Take the 2-minute tour ×
Stack Overflow is a question and answer site for professional and enthusiast programmers. It's 100% free.

I have a Java Swing application with a couple of pieces of native functionality added via JNI. One thing this application does is show a tree view of the file system. I was trying to write a little JNI so that, on Windows systems, I could provide a "Properties..." context menu item that displayed the standard file "Properties" dialog from Windows.

I scraped the internet for the Win32 code needed to do this, and came up with this:

JNIEXPORT jboolean JNICALL Java_com_foobar_showFilePropertiesDialogImpl
  (JNIEnv *env, jobject obj, jlong hwnd, jstring fileName)
{
    LPITEMIDLIST pidl;
    LPCITEMIDLIST pidlItem;
    HRESULT hr;
    IShellFolder *pFolder;
    IContextMenu *pContextMenu;
    CMINVOKECOMMANDINFO cmi;
    const wchar_t *pszFile;

    if (!coInitialized)
    {
#ifdef DEBUG
        MessageBoxW(NULL, L"Initializing COM (should happen just once)...", L"Initializing COM...", MB_OK);
#endif
        CoInitialize(NULL);
        coInitialized = true;
    }

    /* Get the name of the file. */
    pszFile = (wchar_t *)env->GetStringChars(fileName, NULL);
    if (pszFile==NULL) { /* Exception occurred */
        return JNI_FALSE;
    }

    hr = SHGetDesktopFolder(&pFolder);
    if (FAILED(hr))
    {
        env->ReleaseStringChars(fileName, (const jchar *)pszFile);
        return JNI_FALSE;
    }

    hr = pFolder->ParseDisplayName(HWND_DESKTOP, NULL, (LPTSTR)pszFile, NULL, &pidl, NULL);
    pFolder->Release();
    if (FAILED(hr))
    {
        env->ReleaseStringChars(fileName, (const jchar *)pszFile);
        return JNI_FALSE;
    }

    hr = SHBindToParent(pidl, IID_IShellFolder, (void **)&pFolder, &pidlItem);
    if (FAILED(hr))
    {
        SHFree(pidl);
        env->ReleaseStringChars(fileName, (const jchar *)pszFile);
        return JNI_FALSE;
    }

    hr = pFolder->GetUIObjectOf(HWND_DESKTOP, 1, (LPCITEMIDLIST *)&pidlItem, IID_IContextMenu, NULL, (void **)&pContextMenu);
    pFolder->Release();
    if(SUCCEEDED(hr))
    {
        ZeroMemory(&cmi, sizeof(cmi));
        cmi.cbSize = sizeof(cmi);
        if (hwnd>0)
        {
            cmi.hwnd = (HWND)hwnd;
        }
        cmi.lpVerb = "properties";
        cmi.nShow = SW_SHOWNORMAL;
        hr = pContextMenu->InvokeCommand(&cmi);
#ifdef DEBUG
        if (FAILED(hr))
        {
            wchar_t msg[2048];
            wsprintf(msg, L"InvokeCommand failed: %d - %x", SUCCEEDED(hr), hr);
            MessageBoxW(NULL, pszFile, msg, MB_OK);
        }
        else
        {
            MessageBoxW(NULL, L"InvokeCommand successful!", L"InvokeCommand Status", MB_OK);
        }
#endif
    }

    pContextMenu->Release();
    SHFree(pidl);
    env->ReleaseStringChars(fileName, (const jchar *)pszFile);

    return JNI_TRUE;
}

From Java, I run this method from the EDT. Unfortunately, the properties dialog doesn't display if DEBUG is not defined. It seems that if I define DEBUG, the properties dialog will pop up after the "InvokeCommand successful!" MessageBox.

Another thing I noticed is, when DEBUG is not defined, I call this method (and the properties dialog is not displayed), it will display later on in the application if I open a different "native" window. For example, I have code that opens the native Delete dialog via SHFileOperation (which works); as soon as I display that dialog, any File properties dialogs that didn't originally display will suddenly appear.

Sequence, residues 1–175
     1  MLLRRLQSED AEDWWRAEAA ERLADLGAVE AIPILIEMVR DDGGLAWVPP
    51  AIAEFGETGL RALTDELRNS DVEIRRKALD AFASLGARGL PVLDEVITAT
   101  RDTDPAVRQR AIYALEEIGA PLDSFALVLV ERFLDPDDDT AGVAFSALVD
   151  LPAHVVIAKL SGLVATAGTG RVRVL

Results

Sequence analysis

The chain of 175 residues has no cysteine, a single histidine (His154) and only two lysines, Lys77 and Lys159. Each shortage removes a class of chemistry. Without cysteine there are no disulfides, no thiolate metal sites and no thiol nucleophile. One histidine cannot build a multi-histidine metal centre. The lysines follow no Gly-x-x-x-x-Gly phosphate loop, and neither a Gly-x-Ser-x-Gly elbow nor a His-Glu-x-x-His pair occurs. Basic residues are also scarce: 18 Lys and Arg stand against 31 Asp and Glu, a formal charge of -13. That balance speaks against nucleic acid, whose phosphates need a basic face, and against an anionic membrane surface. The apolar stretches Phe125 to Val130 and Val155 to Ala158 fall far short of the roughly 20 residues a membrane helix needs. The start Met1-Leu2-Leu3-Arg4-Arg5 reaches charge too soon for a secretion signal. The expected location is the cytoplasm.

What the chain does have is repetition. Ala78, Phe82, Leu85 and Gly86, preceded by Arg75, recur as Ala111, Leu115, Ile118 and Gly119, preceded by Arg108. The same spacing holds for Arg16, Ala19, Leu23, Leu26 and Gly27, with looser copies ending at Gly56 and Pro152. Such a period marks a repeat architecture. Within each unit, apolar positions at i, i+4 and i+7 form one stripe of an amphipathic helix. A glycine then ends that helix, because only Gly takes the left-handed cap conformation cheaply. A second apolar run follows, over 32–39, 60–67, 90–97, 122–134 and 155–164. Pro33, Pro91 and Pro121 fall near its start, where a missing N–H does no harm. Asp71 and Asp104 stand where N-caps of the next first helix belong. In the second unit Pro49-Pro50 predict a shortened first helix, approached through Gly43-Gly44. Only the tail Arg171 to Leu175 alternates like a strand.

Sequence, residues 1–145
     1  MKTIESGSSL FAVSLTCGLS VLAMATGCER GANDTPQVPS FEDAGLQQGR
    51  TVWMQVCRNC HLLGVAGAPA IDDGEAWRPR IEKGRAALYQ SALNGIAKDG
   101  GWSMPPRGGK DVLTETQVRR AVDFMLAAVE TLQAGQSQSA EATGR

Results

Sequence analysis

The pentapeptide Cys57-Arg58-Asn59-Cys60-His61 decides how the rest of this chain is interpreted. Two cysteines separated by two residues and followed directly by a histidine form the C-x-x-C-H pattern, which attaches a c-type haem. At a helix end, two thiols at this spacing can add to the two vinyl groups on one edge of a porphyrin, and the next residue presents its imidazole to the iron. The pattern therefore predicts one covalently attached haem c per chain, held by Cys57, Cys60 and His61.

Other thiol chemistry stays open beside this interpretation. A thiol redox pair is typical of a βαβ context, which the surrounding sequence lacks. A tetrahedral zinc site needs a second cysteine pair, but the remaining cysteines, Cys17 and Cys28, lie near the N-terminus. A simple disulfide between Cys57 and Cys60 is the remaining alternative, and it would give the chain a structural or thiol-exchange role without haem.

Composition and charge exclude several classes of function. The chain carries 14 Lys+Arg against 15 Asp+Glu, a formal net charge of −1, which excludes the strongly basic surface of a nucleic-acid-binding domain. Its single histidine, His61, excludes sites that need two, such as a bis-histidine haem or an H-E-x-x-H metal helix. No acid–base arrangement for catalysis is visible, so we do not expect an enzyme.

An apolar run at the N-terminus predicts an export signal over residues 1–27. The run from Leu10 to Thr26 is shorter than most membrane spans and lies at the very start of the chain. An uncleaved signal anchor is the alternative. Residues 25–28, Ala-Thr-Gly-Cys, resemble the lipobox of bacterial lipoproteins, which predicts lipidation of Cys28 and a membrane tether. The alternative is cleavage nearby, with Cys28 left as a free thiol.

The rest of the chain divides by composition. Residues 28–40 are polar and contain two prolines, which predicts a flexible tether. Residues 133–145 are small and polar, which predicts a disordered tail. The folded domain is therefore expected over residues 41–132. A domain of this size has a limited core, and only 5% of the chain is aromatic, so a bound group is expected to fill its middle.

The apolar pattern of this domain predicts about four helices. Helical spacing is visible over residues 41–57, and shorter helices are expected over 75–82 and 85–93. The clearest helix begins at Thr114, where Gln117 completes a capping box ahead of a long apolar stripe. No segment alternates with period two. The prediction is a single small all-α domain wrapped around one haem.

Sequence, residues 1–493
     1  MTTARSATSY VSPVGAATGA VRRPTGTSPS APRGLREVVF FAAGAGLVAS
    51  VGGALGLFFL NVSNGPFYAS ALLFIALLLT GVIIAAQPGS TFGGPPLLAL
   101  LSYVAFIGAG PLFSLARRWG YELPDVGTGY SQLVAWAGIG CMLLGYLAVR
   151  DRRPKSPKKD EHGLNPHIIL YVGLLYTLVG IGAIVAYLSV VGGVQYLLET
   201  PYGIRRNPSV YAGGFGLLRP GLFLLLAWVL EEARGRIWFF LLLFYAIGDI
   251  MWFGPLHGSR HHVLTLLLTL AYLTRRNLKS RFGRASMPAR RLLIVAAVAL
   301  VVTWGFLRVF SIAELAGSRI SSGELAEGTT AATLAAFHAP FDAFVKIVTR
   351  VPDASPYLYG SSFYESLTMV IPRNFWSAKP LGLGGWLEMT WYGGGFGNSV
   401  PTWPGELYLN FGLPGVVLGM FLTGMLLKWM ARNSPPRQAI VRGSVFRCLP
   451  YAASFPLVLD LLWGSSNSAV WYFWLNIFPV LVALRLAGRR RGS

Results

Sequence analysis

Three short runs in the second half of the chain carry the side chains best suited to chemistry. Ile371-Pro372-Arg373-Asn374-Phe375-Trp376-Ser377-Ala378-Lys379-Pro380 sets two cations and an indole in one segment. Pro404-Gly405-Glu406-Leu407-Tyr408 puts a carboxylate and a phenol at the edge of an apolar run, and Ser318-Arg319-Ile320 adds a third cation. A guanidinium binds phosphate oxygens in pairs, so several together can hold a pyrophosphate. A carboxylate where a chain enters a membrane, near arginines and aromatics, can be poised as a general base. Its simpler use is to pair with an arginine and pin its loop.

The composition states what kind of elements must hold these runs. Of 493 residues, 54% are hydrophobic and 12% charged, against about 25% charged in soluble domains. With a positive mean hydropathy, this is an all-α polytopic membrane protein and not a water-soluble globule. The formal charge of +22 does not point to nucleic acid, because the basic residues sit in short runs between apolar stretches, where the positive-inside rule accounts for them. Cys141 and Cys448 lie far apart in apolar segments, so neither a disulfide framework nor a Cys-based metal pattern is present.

It seems as though I'm doing stuff on the wrong thread perhaps. Is the EDT not the thread I want to display native windows from? But I'm confused because again, the delete dialog is working fine.

share|improve this question
    
Probably has something to do with the windows event queue. This is not something you want to do on the event dispatch thread (that's for Swing/AWT consistency, which doesn't encompass unrelated native windows like the properties box). –  technomage Sep 21 '12 at 15:58
    
MessageBox() runs its own message loop, which is probably not interacting correctly with Swing's message processing. Try not to invoke native methods that invoke their own message processing. –  Remy Lebeau Sep 21 '12 at 19:49

1 Answer 1

up vote 0 down vote accepted

Instead of digging through the Shell interfaces manually, try using ShellExecute() instead and let the OS do the heavy work for you:

JNIEXPORT jboolean JNICALL Java_com_foobar_showFilePropertiesDialogImpl 
  (JNIEnv *env, jobject obj, jlong hwnd, jstring fileName) 
{ 
    /* Get the name of the file. */ 
    const wchar_t *pszFile = (wchar_t *)env->GetStringChars(fileName, NULL); 
    if (pszFile==NULL) { /* Exception occurred */ 
        return JNI_FALSE; 
    } 

    int iErr = (int) ShellExecuteW((HWND)hwnd, L"properties", pszFile, NULL, NULL, SW_SHOWNORMAL);
    env->ReleaseStringChars(fileName, (const jchar *)pszFile); 

    /*
    wchar_t msg[36];
    if (iErr > 32)
        wsprintfW(msg, L"ShellExecute successful!"); 
    else 
        wsprintfW(msg, L"ShellExecute failed: %d", iErr); 
    MessageBoxW((HWND)hwnd, pszFile, msg, MB_OK); 
    */

    return JNI_TRUE; 
} 
share|improve this answer
    
Thanks, this worked for me. I ended up having to use ShellExecuteEx instead of ShellExecute though, since the former let me set the magic SEE_MASK_INVOKEIDLIST flag, which was the last piece of the puzzle for invoking shortcut menu verbs. Thanks! –  bobby_light Sep 22 '12 at 14:22

Your Answer

 
discard

By posting your answer, you agree to the privacy policy and terms of service.

Not the answer you're looking for? Browse other questions tagged or ask your own question.